[…] Trump is trailing Hillary Clinton badly in national polls, sometimes by double digits. Jubilant Democrats are eyeing so-called “red states” such as Georgia and Utah and expanding their ambitions to take both the Senate and House. The Trump campaign has yanked advertising and staff out of Virginia, and major donors are pulling the plug. The writing seems to be on the wall of polling firms, campaign offices and newsrooms across the country.
“So is this presidential election over?” asked Michael Barone, resident fellow at the American Enterprise Institute. “Almost certainly.”
In September, Trump appeared competitive. In October, he collapsed. A 2005 video in which he bragged about groping women was followed by a slew of allegations of sexual assault and more than 160 Republican leaders who abandoned Trump. He has declared war on members of his own party, attacking the House speaker, Paul Ryan, and turned to increasingly authoritarian claims, insisting that Clinton must be jailed.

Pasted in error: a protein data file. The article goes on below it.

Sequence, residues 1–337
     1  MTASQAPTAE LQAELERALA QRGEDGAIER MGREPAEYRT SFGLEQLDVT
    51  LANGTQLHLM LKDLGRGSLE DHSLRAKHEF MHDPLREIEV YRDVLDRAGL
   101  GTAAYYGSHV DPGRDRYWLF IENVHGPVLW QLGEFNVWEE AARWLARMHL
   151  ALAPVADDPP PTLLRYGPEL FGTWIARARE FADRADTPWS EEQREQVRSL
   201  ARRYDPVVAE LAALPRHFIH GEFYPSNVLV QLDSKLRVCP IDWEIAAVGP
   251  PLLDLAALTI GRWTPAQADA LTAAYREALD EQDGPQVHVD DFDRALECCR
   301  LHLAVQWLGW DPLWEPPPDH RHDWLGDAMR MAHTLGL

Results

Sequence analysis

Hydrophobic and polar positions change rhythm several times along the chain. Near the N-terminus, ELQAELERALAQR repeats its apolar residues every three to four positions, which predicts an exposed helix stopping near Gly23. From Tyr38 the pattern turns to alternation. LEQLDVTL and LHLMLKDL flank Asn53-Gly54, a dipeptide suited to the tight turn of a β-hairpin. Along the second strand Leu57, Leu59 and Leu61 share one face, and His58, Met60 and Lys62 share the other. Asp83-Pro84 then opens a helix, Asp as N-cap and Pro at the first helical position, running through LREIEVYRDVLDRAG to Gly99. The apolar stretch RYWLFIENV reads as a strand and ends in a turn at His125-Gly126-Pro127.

Republicans have started to fear that 8 November will not be the end but rather the beginning of all-out civil war, asking whether Trumpism can survive Trump, and whether those who support him can survive his candidacy. Who can unify the party of Abraham Lincoln? Who can avoid a historic fourth consecutive defeat in the election of 2020?